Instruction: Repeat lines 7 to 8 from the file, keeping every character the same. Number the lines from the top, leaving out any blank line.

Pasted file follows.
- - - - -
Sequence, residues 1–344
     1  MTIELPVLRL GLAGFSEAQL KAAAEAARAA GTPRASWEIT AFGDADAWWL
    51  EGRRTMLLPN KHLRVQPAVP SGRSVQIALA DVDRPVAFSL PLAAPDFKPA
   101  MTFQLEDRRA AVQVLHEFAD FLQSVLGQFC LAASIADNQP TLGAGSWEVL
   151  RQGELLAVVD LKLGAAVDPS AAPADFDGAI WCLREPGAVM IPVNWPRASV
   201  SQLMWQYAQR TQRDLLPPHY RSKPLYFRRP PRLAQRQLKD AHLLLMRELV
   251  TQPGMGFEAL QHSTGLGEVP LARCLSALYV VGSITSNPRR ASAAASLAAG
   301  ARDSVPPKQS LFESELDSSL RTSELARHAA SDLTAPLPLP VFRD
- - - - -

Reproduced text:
   251  TQPGMGFEAL QHSTGLGEVP LARCLSALYV VGSITSNPRR ASAAASLAAG
   301  ARDSVPPKQS LFESELDSSL RTSELARHAA SDLTAPLPLP VFRD